During the 1940s (though possibly earlier) a rumor began to circulate in America about a customer charged an exorbitant fee by a restaurant after requesting a copy of a recipe. According to the rumor, the customer (usually a woman) had enjoyed one of the items on the dessert menu and asked the management if they would be willing to share the recipe with her. The management responded affirmatively, but later sent her an outrageously large bill, which she learned that she was legally obligated to pay. In revenge, the woman decided to share the recipe with the general public, free of charge.
In the tale, the restaurant was usually an upper-class establishment, whereas the woman was middle-class (often from the midwest). Thus the story offered a lesson about the greed of the rich vs. the down-to-earth sense of fair play of the middle class.
The tale of the Rip-Off Recipe became one of the most widely circulated urban legends of the twentieth century. During the remaining decades of the century the tale evolved, with names and specific details changed, but the basic narrative remained the same. There is every indication that the tale is still going strong in the twenty-first century.
Cake at the Waldorf
magazine, in a January 29, 1945 column, printed the earliest known reference to the legend:
Just As You Say. In Kansas City, a local schoolteacher, home from vacation, dreamed of the dainties she had enjoyed at her Manhattan hotel, wrote for the recipes, concluded, "Naturally, I am willing to pay for them." By return mail, she received the recipes, and a bill for $100.
By 1949 more specific details had been incorporated into the legend. New York City's fancy Waldorf-Astoria Hotel became the villain in the story, and the item it was overcharging for became a fudge cake recipe. From the Mt. Pleasant News
(Sept. 17, 1949):
A Little Falls, New York woman was lunching one day in New York's Waldorf Astoria Hotel. She ordered chocolate cake for dessert and was served the "most delicious fudge cake I have ever eaten." She asked the chef for the recipe and was turned down. But she could not forget the cake and nothing seemed so important as getting the recipe for it. On her next visit to New York she again sought out the chef and this time offered him a $100 bill if he would tell her how to make it. The chef promptly sat down and wrote out the recipe, calling it simply "Fudge Cake". But to the woman who paid such a handsome sum for it, the recipe was named "$100 Cake".
By the 1960s the Waldorf's fudge cake had evolved into a more exotic delicacy: "Red Velvet Cake." The cost of the cake had also inflated to $300. From the San Mateo Times
(February 12, 1964):
It seems that a woman from Seattle was dining at the Waldorf-Astoria Hotel in New York and was deeply impressed with the cake served to her one evening. It looked like red velvet with the beautiful white frosting. She asked the hotel people if they would send her the recipe. They did but it arrived C.O.D. with a charge of $300. She paid the cost and then consulted her lawyer who told her she could do nothing to get her money back. Since the price of the recipe had been so costly to her, she decided all her friends should enjoy baking and eating this luscious and extravagant Red Velvet Cake.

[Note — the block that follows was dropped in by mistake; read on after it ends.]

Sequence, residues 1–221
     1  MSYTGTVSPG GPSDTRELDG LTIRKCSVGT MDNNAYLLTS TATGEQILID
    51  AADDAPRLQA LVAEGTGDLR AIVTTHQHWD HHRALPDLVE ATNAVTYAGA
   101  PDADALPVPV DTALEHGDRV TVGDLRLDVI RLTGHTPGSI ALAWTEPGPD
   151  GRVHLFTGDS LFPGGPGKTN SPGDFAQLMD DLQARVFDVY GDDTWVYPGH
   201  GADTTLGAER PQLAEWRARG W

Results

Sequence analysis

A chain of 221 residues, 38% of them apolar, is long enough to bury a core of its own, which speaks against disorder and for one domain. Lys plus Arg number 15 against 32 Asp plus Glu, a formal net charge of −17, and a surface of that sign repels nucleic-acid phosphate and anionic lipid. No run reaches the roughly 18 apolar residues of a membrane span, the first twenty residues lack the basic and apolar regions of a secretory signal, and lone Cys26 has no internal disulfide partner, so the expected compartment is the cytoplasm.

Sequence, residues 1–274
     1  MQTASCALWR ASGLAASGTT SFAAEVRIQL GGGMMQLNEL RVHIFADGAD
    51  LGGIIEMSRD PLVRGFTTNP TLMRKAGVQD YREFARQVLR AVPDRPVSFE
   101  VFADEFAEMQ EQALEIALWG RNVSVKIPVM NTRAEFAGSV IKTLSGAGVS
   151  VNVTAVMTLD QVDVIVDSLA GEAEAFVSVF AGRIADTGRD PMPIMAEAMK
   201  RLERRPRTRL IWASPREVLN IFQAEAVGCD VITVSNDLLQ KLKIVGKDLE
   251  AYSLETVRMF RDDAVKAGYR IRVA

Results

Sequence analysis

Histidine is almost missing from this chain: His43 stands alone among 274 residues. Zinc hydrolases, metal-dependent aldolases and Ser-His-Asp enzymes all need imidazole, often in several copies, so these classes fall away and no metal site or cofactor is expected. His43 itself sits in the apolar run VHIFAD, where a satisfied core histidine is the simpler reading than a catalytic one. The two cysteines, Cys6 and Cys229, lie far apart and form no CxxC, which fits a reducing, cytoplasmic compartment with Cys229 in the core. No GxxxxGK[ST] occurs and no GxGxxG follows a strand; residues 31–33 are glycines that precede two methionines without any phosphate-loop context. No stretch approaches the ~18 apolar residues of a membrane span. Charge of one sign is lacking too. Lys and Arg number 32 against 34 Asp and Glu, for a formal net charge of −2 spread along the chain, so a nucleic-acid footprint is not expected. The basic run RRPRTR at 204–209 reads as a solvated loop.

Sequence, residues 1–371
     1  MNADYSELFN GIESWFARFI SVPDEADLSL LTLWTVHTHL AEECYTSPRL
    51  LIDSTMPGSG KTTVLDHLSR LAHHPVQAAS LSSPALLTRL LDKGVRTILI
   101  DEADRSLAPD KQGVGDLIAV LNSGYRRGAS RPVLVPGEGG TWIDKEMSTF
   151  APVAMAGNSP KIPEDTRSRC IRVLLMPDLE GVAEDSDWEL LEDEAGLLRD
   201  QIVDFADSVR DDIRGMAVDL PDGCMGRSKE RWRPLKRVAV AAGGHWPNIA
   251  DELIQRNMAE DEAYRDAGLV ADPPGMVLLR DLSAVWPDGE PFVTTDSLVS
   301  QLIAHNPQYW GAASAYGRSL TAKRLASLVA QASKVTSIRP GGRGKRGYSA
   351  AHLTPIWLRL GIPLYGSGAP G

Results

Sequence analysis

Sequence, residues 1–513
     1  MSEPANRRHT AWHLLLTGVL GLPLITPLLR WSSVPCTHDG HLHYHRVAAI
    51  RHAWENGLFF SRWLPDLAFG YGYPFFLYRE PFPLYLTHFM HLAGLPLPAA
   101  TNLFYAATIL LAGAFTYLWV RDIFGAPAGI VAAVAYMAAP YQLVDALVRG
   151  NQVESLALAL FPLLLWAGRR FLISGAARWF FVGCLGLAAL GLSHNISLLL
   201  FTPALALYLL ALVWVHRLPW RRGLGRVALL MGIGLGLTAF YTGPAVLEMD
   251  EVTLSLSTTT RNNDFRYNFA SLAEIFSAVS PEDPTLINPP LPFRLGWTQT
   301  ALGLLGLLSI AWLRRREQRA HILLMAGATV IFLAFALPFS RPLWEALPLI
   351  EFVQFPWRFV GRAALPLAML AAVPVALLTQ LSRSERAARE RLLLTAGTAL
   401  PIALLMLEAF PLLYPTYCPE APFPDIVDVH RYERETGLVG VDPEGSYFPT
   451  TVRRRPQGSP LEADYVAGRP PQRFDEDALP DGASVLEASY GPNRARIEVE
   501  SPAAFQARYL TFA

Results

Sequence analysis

There really is such a cake as "Red Velvet Cake." The red color comes from food coloring. It has been a popular delicacy in the northeastern United States throughout the twentieth century.
Although there is disagreement about when the Waldorf Astoria first began serving this cake (whether it was before or after the emergence of the legend), it is certain that the hotel never charged a customer for the recipe. By the 1970s the hotel was giving away free copies of a "Red Velvet Cake" recipe in an effort to end the rumor.
Mrs. Fields Cookies
During the early 1980s, Mrs. Fields Cookie Company became the new villain in the rip-off recipe legend. On January 9, 1986 the Chicago Sun-Times
reported this version of the tale:
A woman who works at the American Bar Association called Mrs. Fields to get the recipe for its famous chocolate chip cookie. She was told there would be a "two-fifty charge." "Put it on my Visa," she said. Well, she got the bill for "two-fifty" all right - $250. For revenge, she began passing out the recipe to everyone in sight.
The spread of the rumor eventually prompted the founder of the company, Debbi Fields, to respond personally. She posted a notice in all Mrs. Fields's stores:
"Mrs. Fields recipe has never been sold. There is a rumor circulating that the Mrs. Fields cookie recipe was sold to a woman at a cost of $250. A chocolate- chip cookie recipe was attached to the story. I would like to tell all my customers that the story is not true."
The store also promised to reimburse the woman who was charged $250, if she ever identified herself. She never did.
Reportedly Debbi Fields herself, out of curiosity, prepared a batch of cookies based on the recipe that was circulating with the rumor. They turned out to be quite dry, because the recipe (unlike the genuine Mrs. Fields cookies) included oatmeal as an ingredient.
Neiman Marcus Cookie Recipe
In the mid-1980s the legend changed target from Mrs. Fields to Neiman Marcus. In the new variant of the tale
, a customer at a Neiman Marcus Cafe asked a waitress for the restaurant's chocolate chip cookie recipe. The waitress told her it would cost two-fifty. The customer agreed and asked that it be added to her already signed bill. Later she discovered she had been charged $250, not $2.50.
Links and References
- "Miscellany." (Jan. 29, 1945). Time.
- Norton, Neil. (February 12, 1964). "Sugar 'n' Spice." San Mateo Times.
- Smith, Marcia. (Sept. 11, 1986). "Bogus cookie recipe puts a chip on baker's shoulder." Chicago Sun-Times.
- Brunvand, Jan Harold. (Feb. 16, 1987). "Cookie Yarn Crumbles under Scrutiny." The Post Standard.